Hirscher grabs second globe with dramatic slalom win
Austria's Marcel Hirscher celebrates with his World Cup crystal globe after winning the slalom title in Lenzerheide, on March 16, 2014 - by Fabrice Coffrini
Hirscher, quickest on the first leg, clocked a combined 2min 07.74sec, handing him a 0.76sec advantage over second-placed Felix Neureuther.
The German had been leading the race for the slalom globe by five points, but saw Hirscher leapfrog him to top the standings with 565 points to Neureuther's 550.
Hirscher, who won Olympic silver at the Sochi Games, rode the pressure of the second run to perfection.
Starting with just a 0.06sec lead on Neureuther, Hirscher battled through the sluggish upper section and at the third split had lost his advantage, but then put together a rhythmic bottom half to well-and-truly nail victory by a massive margin.
"I knew it would be all or nothing," said Hirscher. "Only the result counted.
"I laid down a marker on the first leg and on the second we saw that the course-setting made little difference.
"It didn't really suit me, but I was still quick."
Hirscher added: "With this slalom crystal globe, I've fulfilled another wish and goal, my season's perfect."
The issue of course-setting, much criticised in the men's Olympic slalom, had raised its ugly head after Neureuther complained that the first leg had favoured Hirscher, although he was quick to praise his Austrian rival.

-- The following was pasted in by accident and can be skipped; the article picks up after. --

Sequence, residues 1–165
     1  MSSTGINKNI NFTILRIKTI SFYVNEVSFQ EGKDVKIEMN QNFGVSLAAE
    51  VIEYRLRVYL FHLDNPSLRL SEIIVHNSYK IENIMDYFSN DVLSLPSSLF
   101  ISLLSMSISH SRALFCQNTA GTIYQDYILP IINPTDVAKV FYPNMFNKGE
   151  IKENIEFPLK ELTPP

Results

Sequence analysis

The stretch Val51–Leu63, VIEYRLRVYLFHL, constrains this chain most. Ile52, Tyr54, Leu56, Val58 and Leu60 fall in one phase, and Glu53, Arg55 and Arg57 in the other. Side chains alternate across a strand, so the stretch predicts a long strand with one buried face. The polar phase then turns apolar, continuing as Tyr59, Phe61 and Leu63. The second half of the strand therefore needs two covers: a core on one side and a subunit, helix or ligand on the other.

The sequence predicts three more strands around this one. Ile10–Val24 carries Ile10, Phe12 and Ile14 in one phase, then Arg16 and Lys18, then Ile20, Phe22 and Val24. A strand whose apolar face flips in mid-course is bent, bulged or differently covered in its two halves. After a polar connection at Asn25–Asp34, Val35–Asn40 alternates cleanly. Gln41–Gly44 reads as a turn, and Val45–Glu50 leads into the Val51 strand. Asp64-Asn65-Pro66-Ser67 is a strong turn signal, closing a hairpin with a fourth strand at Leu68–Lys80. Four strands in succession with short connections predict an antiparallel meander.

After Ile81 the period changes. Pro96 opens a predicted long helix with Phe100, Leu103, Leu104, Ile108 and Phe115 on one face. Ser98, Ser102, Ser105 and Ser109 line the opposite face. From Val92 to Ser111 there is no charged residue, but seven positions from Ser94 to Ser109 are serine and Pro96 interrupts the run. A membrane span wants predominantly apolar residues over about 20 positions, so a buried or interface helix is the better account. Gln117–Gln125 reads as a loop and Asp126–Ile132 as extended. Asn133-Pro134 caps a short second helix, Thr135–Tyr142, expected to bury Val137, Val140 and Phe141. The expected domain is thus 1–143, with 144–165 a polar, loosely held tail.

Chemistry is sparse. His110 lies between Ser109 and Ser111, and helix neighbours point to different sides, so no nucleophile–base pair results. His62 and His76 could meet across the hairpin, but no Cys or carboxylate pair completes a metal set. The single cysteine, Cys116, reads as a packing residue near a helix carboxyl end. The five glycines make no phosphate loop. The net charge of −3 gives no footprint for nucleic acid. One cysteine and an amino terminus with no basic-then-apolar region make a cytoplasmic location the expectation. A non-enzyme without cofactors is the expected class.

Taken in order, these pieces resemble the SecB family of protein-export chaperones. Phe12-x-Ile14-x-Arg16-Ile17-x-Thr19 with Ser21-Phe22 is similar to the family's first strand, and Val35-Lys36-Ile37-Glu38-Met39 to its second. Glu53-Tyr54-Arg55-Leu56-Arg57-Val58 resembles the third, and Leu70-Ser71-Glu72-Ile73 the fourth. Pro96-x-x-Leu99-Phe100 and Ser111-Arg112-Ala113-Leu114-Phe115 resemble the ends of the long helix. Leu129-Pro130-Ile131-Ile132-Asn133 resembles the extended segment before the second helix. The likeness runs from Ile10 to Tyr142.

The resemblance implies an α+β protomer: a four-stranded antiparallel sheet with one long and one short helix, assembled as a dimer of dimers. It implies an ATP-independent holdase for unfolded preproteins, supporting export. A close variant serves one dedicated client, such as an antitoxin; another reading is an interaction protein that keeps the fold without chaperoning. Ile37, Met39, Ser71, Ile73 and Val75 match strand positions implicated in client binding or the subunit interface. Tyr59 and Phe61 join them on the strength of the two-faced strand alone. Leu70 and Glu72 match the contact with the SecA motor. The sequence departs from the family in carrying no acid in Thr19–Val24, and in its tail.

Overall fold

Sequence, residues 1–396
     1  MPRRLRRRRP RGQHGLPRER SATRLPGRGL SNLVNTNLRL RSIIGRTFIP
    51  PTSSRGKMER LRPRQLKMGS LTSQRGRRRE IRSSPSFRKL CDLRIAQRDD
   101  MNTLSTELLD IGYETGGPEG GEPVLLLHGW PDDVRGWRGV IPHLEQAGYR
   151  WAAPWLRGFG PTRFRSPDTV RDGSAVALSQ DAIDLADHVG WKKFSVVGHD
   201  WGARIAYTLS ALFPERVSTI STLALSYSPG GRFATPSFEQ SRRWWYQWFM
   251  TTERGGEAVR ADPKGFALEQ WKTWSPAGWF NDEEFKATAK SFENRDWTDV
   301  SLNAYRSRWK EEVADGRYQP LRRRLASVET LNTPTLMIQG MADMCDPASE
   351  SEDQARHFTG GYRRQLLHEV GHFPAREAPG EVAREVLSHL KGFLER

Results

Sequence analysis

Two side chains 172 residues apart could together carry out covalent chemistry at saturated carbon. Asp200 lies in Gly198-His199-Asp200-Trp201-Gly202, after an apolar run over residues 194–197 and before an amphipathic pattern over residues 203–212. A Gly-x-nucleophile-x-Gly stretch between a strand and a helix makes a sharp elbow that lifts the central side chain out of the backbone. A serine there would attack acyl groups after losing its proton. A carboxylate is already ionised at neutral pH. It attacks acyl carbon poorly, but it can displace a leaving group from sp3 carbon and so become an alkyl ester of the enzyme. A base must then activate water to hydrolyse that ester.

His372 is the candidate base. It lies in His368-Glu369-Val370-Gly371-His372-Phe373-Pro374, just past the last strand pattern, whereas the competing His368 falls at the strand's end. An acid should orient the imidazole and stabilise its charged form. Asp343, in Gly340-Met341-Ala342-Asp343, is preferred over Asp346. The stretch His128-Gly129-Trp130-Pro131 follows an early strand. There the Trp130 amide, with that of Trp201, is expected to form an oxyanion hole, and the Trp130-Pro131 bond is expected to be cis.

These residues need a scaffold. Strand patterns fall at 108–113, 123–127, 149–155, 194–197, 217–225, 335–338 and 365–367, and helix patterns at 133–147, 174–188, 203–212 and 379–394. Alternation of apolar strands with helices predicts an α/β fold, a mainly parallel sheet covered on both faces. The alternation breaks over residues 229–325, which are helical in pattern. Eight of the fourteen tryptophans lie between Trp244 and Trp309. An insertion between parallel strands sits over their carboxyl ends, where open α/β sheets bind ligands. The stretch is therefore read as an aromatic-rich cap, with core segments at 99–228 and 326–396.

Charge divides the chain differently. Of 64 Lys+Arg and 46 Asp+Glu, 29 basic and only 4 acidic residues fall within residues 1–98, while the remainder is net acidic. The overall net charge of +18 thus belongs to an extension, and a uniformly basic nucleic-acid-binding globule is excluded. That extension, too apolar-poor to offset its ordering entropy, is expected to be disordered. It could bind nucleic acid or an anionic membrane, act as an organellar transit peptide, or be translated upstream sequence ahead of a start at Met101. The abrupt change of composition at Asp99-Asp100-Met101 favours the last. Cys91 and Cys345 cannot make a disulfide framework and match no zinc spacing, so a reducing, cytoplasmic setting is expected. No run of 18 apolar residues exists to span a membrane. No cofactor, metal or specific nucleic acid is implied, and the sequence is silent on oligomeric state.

"I'm a little disappointed," the German said. "The first leg didn't influence the race, everything was still possible and in the second leg, Marcel was better, he deserved to win.
"But when there's something that annoys me, I tell it as it is," Neureuther continued.
"Today the first leg had little to do with the sport. The fans didn't really appreciate it.
"It must remain a fair race and today they tried out in some difficulties for other skiers and that's not very sporting."
Neureuther added: "I've talked about it with other skiers and it doesn't give a good image.
"We must think about this in the future and perhaps have a neutral course-set by the FIS," alpine skiing's world governing body.
Hirscher's older teammate, Mario Matt, the surprise Olympic slalom champion, completed the podium, for which his 60 points saw him rise to sixth in the slalom standings with 310pts behind the first two here, Norwegian teenager Henrik Kristoffersen (454), Italian Patrick Thaler (351) and Sweden's Mattias Hargin (349).
Hirscher won the overall World Cup title for the third year in succession after coming fourth in Saturday's giant slalom.
The 25-year-old had taken advantage of a disastrous day for Norwegian Aksel Lund Svindal, who pulled out in the first leg of the race and withdrew from the season-ending slalom to end his hopes of taking the title.